Steve Simpson is a child advocate, child abuse survivor and media commentator who just released The Teenage and Young Adult Survival Handbook — a small guide that is modestly tucked inside in all four of his YA adventure novels which covers most of the topics plaguing young people today—suicide, bullying, sexual abuse, physical abuse, verbal abuse, self-worth, being the child of an addict, living in a dysfunctional home, surviving school and more. Simpson was even recognized by President Barack Obama, former New York governor David Paterson and the County Executive of Nassau County for his efforts on behalf of abused children.

 

Niki demartino, 360 MAGAZINE

Niki DeMartino

Singer/Songwriter Niki DeMartino, who’s new single “Anthem of the Judged” is a rallying cry for the disenfranchised and misunderstood. Niki, who has personally experienced online bullying, wanted to create an anthem of support and encouragement for those that often feel voiceless. Her powerful music video, out today, features a handful of popular content creators including Teala Dunn, Jessie Paege, and Eugenia Cooney.

About Niki

Niki DeMartino is an online content creator, actress and recording artist. Boasting 2.6 million followers on her Instagram and 1.6 million on her personal YouTube channel, Niki and her twin sister Gabi also have an extremely successful YouTube channel with over 7 million subscribers and over 700 million views. Each week the sister duo shares a video in the realm of fashion, beauty, comedy, and singing.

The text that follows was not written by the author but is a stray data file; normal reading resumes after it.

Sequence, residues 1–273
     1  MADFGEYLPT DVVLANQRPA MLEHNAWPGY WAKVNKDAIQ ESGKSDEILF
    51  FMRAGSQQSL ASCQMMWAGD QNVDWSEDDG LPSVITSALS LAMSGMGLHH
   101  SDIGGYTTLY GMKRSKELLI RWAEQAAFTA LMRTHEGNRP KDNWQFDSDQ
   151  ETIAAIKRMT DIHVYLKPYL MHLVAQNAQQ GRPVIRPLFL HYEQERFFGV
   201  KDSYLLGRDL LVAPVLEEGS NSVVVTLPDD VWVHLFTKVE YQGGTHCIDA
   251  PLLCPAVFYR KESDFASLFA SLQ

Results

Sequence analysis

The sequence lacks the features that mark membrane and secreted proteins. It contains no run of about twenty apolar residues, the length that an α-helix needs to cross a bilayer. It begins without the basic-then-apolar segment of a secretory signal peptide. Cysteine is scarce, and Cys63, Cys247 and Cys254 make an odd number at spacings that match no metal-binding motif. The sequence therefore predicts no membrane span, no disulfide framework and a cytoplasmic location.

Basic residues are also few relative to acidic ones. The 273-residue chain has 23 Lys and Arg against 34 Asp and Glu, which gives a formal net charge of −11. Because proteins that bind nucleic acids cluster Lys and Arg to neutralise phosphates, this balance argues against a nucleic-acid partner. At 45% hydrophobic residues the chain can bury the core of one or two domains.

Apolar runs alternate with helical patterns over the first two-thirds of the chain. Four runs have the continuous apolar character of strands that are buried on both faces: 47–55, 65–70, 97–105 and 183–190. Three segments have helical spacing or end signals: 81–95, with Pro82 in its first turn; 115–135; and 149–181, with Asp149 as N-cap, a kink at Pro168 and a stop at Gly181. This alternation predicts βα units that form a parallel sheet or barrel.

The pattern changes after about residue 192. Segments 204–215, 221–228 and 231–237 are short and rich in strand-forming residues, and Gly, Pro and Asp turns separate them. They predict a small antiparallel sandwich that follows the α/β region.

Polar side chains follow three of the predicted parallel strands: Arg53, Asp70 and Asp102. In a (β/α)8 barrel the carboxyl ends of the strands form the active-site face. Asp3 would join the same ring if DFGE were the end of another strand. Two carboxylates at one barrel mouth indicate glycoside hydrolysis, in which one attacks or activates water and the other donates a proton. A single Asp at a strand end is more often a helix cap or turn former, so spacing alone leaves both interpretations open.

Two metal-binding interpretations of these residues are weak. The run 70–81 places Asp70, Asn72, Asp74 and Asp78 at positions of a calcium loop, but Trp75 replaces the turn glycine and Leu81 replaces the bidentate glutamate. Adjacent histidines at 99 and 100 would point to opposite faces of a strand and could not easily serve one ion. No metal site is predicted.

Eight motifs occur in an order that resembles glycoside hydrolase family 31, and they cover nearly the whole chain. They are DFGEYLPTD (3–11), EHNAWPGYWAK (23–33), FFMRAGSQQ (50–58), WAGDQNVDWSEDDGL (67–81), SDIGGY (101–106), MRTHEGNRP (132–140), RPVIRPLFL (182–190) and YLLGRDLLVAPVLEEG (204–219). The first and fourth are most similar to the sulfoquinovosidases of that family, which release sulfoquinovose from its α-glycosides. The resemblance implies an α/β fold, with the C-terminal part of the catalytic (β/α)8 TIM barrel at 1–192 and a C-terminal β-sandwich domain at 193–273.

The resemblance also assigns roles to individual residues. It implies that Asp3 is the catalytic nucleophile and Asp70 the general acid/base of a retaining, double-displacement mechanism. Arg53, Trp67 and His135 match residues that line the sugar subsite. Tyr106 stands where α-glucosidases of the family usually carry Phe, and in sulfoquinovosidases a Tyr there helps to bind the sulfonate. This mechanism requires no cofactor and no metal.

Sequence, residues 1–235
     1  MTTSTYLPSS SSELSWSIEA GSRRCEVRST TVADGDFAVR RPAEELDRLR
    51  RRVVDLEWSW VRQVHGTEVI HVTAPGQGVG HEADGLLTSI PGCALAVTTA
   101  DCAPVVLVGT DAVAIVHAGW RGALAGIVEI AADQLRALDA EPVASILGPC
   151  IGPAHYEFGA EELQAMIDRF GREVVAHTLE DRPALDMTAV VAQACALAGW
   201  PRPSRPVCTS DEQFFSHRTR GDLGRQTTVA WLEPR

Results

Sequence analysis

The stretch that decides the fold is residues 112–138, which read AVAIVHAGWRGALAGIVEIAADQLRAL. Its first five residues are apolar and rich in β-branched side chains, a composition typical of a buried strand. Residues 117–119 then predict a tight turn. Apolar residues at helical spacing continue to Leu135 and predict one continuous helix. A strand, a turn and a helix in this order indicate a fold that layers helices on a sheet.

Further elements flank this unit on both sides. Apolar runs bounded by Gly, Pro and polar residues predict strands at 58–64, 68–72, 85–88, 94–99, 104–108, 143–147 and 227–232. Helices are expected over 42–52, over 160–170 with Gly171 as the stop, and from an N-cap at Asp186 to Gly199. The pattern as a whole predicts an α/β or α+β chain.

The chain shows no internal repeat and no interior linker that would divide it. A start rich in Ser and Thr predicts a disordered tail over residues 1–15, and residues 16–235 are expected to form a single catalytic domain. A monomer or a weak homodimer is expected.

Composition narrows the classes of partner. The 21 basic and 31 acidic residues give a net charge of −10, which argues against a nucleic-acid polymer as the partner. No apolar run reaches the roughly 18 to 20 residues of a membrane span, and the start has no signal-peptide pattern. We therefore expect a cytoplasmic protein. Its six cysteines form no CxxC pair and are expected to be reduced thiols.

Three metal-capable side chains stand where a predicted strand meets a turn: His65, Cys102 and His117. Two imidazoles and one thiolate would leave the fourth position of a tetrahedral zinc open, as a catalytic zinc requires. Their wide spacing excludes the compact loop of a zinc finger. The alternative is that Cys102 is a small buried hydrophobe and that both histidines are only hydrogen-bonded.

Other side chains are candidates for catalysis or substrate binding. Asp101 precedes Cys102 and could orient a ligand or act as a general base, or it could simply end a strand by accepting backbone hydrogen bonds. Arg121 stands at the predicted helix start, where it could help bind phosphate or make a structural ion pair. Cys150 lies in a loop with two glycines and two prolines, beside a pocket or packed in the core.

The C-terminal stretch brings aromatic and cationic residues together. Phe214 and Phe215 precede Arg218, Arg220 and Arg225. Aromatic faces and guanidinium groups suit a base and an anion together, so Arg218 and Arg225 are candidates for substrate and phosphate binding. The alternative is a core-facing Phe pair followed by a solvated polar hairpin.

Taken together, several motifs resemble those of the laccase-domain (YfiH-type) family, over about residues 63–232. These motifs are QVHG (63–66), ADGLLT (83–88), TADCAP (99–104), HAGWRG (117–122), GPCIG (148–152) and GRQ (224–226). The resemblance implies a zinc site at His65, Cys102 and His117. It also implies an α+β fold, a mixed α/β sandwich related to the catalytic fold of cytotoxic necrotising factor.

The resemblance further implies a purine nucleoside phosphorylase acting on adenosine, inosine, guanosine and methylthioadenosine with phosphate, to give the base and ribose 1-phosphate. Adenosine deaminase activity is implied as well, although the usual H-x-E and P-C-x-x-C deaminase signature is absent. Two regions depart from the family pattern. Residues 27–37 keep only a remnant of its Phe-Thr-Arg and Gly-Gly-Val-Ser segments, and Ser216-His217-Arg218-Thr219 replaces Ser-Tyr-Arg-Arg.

Niki has recently been focusing on her music career, releasing a new EP titled “individual” with Gabi. The twins’ song “Sleep it Off” garnered 2.1 million views in only one month. On top of several joint songs, Niki also has solo tracks on the album. The video for her song “Let it Roar” shows off Niki’s performance capabilities and amassed a viewership of 2.5 million.

In addition to her massive success in the world of social media, acting and music, Niki is a powerhouse in the beauty industry. She recently won a Stream yfor Best Fashion at the 2018 Streamy awards. In 2016, she was named one of the top 10 Beauty Influencers by Women’s Wear Daily. Niki also made a splash at the 2018 NY Fashion week, sitting front row for shows like Yajun, Hogan McLaughlin, and Michael Costello.

Klondike Blonde Releases “No Smoke”

Buzzing rapper and singer Klondike Blonde shares her new singleNo Smoke after its world premiere on Zane Lowe’s Beats 1radio show. The single is now available at all digital retailers and the music video was released today via Complex. Click HERE to view!

STREAM NO SMOKE

Klondike says of the song, “In a weird way, “No Smoke” is all about becoming the better version of yourself. I am the ex-girlfriend, and I am better than her.